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Teaching Sprints
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Teaching Sprints
How Overloaded Educators Can Keep Getting Better

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December 2020 | 112 pages | Corwin

"Among the greatest unresolved issues within schools is developing great models of implementation: Sprints is certainly one of the breakthroughs. This book can make major improvements in schools and classrooms, ironically by focusing on tiny shifts."
John Hattie, Laureate Professor
Melbourne Graduate School of Education
Melbourne, Australia

"Once in a while you come across a book that really cuts through the complexity of issues and provides a refreshing and practical approach to improving what happens in schools. This is such a book. Evidence-based, easy to read and full of down-to-earth ideas that busy teachers can implement. I love it."  

Steve Munby, Visiting Professor
University College London 
Former CEO, National College for School Leadership
London, UK

Enhance teachers’ expertise – in every term, every school year.

With all of the everyday demands of teaching, the job of improving classroom practice is a challenge for teachers and school leaders. Grounded by research and field-tested around the world, Teaching Sprints offers a professional improvement process that works in theory and practice.

Including insights from the field, and practical protocols, this book outlines a simple model for engaging in short bursts of evidence-informed improvement work. Using Teaching Sprints, teams of teachers can enhance their expertise together, in a way that is sustainable on the ground. 

In Teaching Sprints, readers will find:
three big ideas about practice improvement 
a detailed description of a simple improvement process
advice on how to establish a routine for continual improvement

Whether you’re a classroom teacher thinking about your own practice, an instructional leader supporting colleagues to teach better tomorrow, or a school leader interested in enhancing your program for professional learning, Teaching Sprints is a must-read for you.
 

 
Preface
 
Acknowledgements
 
About the Authors
 
Contributors
 
Introduction
 
Part 1 - Big Ideas About Getting Better
 
1.1 Big Ideas 1: Start with the best bets
 
1.2 Big Ideas 2: Practice makes progress
 
1.3 Big Ideas 3: Focus on tiny shifts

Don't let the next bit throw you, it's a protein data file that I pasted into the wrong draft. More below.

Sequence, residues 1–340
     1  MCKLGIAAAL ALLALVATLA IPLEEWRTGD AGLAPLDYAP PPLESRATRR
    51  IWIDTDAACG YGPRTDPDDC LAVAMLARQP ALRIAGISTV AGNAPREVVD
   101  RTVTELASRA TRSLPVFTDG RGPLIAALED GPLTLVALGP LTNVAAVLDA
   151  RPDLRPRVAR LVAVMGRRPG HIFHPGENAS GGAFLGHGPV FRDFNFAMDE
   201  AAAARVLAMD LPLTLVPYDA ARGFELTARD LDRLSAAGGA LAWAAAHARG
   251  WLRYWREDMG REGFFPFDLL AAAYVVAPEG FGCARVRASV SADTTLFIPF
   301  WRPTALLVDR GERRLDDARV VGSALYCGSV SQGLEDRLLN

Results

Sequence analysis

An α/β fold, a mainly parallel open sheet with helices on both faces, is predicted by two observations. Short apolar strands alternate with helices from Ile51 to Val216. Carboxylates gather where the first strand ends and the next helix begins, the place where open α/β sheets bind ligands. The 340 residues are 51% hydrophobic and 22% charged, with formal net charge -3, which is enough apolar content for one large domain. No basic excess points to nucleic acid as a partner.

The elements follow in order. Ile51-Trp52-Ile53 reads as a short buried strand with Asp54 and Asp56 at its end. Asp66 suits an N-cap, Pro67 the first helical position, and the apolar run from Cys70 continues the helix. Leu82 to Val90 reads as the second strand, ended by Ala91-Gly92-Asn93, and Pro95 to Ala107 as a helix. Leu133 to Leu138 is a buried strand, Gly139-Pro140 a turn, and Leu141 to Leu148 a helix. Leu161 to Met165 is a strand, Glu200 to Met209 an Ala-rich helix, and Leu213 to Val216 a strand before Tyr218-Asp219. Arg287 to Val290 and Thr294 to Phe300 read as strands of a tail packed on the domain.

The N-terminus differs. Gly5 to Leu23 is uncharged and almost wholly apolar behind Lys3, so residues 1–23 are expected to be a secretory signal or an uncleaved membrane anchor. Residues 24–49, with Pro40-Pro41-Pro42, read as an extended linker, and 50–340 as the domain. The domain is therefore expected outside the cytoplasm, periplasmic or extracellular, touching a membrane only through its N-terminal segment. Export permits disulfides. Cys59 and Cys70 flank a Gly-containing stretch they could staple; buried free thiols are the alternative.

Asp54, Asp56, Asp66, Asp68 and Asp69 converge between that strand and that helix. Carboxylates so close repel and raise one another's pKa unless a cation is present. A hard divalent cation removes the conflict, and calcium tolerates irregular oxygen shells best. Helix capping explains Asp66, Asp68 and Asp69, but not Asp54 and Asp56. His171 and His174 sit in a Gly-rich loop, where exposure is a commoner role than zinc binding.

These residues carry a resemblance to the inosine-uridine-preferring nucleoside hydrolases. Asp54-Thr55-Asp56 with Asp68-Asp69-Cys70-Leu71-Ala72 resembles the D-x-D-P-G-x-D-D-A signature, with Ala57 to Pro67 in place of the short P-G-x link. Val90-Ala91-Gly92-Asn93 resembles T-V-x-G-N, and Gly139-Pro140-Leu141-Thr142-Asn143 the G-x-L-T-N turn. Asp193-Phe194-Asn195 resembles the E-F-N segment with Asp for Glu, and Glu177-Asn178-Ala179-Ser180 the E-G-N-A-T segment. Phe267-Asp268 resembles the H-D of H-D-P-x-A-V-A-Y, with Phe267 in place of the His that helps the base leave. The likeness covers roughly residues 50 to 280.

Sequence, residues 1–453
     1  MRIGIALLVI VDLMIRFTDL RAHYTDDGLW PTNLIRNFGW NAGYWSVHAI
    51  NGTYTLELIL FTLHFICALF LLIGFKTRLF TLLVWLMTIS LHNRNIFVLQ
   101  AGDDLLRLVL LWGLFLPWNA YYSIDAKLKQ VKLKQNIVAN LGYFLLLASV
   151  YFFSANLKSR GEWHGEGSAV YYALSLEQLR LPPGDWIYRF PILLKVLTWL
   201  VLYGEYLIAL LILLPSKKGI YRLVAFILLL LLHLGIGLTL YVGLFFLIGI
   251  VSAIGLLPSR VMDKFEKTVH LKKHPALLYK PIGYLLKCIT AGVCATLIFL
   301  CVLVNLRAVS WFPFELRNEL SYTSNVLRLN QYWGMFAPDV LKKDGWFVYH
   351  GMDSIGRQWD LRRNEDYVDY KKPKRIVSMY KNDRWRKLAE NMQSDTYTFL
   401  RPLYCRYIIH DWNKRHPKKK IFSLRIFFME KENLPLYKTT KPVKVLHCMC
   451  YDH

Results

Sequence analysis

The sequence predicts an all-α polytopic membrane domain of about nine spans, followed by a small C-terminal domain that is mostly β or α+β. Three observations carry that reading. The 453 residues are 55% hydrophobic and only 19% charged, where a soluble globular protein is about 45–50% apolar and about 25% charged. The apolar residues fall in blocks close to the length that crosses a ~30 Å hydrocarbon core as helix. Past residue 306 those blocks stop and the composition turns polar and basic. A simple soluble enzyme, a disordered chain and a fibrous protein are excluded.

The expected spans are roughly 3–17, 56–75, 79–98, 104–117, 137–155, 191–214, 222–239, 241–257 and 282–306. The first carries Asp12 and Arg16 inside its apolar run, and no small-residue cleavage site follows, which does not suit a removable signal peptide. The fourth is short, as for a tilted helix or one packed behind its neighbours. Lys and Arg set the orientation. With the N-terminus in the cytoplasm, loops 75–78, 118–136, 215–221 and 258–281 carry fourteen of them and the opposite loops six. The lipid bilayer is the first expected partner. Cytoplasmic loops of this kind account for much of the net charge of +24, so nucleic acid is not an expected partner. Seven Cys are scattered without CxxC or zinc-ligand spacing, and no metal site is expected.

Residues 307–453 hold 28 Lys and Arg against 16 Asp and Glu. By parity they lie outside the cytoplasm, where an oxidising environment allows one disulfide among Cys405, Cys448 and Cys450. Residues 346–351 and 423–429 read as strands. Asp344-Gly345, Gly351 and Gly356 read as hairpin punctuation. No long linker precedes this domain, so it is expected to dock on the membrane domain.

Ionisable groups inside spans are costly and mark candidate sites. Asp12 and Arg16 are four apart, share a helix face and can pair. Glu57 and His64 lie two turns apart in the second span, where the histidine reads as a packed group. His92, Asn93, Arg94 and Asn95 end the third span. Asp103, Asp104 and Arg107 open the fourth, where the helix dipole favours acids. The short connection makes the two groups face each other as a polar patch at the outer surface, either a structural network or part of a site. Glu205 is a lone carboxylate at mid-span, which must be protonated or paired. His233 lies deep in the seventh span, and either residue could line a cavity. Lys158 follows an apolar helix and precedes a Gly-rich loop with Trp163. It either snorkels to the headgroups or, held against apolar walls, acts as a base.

Reflection Activity
 
Part 2 - The Teaching Sprints Process
 
2.2 The Sprint Phase
 
2.2 The Sprint Phase
 
2.3 The Review Phase
 
Reflection Activity
 
Part 3 - Establishing an Improvement Routine
 
3.1 Teacher teams - Who could work together in Teaching Sprints
 
3.2 Scheduling: What can we run our Teaching Sprints during a busy term?
 
3.3 Choosing a focus: How do we choose an area of practice to work on?
 
Reflection
 
Conclusion - Better Than Before
 
Appendices
 
Appendix A - Teaching Sprints Process Overview
 
Appendix B - Teaching Jigsaw Protocol
 
Appendix C - Learn & Let Go Protocol
 
Appendix D - Boulder, Pebble, Sand Protocol
 
Appendix E – Picture of Practice Protocol
 
Appendix F – Check-in Protocol
 
Appendix G – Review Protocol
 
Appendix H – Re-allocating Time for Teaching Sprints
 
Appendix J – Term Planner for Teaching Sprints

Supplements

As the world turns faster and with increasing uncertainty, we, as educators, need to be agile and excellent. We need to project our professionalism and do everything in our power to ensure that the system we deliver is worthy of our children and their futures. This book is brilliantly researched, incredibly pragmatic and, most importantly, profoundly important in helping us all to meet that challenge.

Richard Gerver, Speaker, Educator
Author, Education: A Manifesto for Change

As a school principal, I’ve found Teaching Sprints to be the most effective way to facilitate teacher improvement. It is simple but powerful because it gives teachers a real sense of satisfaction. Through each Sprint, and sometimes in a short space of time, they see both personal improvement and improvement in their students.